Environment Magazine. By Lee Liu A new phenomenon has appeared in China: Aizheng Cun, or cancer villages.
Various forms of Chinese media and Internet sources have reported a total of 459 cancer villages across 29 of China's 31 provincial units, the two exceptions being Tibet and Qinghai. Some English media have also reported on cancer villages in China.1 While there is no English or official Chinese definition of “cancer village,” the Chinese Wikipedia defines “cancer village” as a post-reform phenomenon in mainland China, where the number of cancer patients in some villages is extraordinarily high, and water contamination from industries is often the likely cause.2 In most cases, there is a single cancer village in a county, while the number of cancer villages in one township can reach 21.
Outside China, the term “cancer cluster” has been used to refer to a local area where cancer is more prevalent as a result of cancer-causing pollutants. Many Chinese scholars have been studying cancer villages. Figure 1. Www.springerlink.com/content/k8x66w6442806541/fulltext.pdf. Nitrogen (N) contamination in the Yellow River mainstream andits tributaries was studied using data from 1960 to 2000 from312 monitoring sites in the Yellow River system.
Data showedthat N concentrations in the Yellow River have increased since1960, especially after 1990. N concentrations in the YellowRiver mainstream increased from the upper reaches (less than 1.0mg L-1 for TN and less than 0.10 mg L-1 forNH4 +-N) to lower reaches (higher than 4–5 mgL-1for TN and higher than 1.0 mg L-1 for NH4 +-N).However, the highest N contaminations (50–250 mg L-1 forTN and 10–20 mg L-1 for NH4 +-N) was found in sometributaries, which was attributed as an effect of industrialwastewater and municipal sewage. Nitrogen concentrations fromseveral monitoring sites were positively correlated with severalregional socio-economic indices, such as population density,fertilization rates, livestock, industrial input and GDP.Depending on location, seasonal N concentrations contrastedamong watersheds.
Review article: Silt and the future development of China's Yellow River - Chengrui - 2002 - Geographical Journal. Food and water security - U. Aswathanarayana. One-third of China's Yellow river 'unfit for drinking or agriculture' A worker clears rubbish from the Yellow river in Lanzhou in north-west China's Gansu province.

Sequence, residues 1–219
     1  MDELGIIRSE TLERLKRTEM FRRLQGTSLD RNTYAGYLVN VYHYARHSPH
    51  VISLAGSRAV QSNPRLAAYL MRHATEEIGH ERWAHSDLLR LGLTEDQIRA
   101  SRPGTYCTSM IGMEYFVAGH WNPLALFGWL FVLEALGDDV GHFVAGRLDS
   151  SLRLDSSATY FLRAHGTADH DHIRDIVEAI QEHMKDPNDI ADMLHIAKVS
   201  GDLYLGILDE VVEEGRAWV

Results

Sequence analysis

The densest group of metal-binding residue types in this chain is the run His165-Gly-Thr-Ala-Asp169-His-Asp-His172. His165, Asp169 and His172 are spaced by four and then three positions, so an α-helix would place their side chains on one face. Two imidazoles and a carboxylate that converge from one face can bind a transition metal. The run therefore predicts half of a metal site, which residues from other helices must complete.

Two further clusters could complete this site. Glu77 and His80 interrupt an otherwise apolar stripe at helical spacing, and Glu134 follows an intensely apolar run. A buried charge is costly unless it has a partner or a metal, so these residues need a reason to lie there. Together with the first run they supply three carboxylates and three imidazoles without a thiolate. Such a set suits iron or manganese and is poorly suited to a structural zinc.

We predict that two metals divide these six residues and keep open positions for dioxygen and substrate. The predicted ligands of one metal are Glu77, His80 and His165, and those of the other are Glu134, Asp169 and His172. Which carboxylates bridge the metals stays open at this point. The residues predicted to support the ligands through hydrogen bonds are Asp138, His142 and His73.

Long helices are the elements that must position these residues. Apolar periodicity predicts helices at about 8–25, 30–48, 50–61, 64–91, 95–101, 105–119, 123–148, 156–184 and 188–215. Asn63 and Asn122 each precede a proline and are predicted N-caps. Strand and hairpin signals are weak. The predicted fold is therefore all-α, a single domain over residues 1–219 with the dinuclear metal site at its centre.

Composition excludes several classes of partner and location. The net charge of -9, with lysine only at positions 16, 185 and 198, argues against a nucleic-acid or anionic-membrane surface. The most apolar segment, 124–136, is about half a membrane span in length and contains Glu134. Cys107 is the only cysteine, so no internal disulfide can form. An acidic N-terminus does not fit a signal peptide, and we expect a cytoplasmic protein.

Water quality along one third of China's Yellow river is now unusable because of pollution. Photographer: AP Severe pollution has made one-third of China's Yellow river unusable, according to new research. Known as the country's "mother river", it supplies water to millions of people in the north of China.
But in recent years the quality has deteriorated due to factory discharges and sewage from fast-expanding cities. Much of it is now unfit even for agricultural or industrial use, the study shows. Pollution worsens on the Yellow River system. A Chinese water resources official on Sunday called on people to improve the awareness of water saving and protection in a bid to curb pollution of rivers from spreading and worsening.
Li Xiaoqiang, chief of publicity section with the Yellow River Conservancy Committee, made the remark over the phone while commenting on the fact that pollution had spread to one third of the Yellow River system. With a mainstream of 5,464 km, the Yellow River, billed as the "mother river" of China, originates from Qinghai province, flows eastward through Sichuan and Gansu provinces, Ningxia Hui and Inner Mongolia autonomous regions, and Shaanxi, Shanxi and Henan provinces before emptying into the Bohai Sea from Shandong Province in east China.
It has 35 main tributaries. China's Yellow River Choking on Pollution. Pollution of the Yellow River, China's second longest river after the Yangtze, is getting worse, with over 66 percent of the water undrinkable, according to a newly released report on Yellow River Water Resources.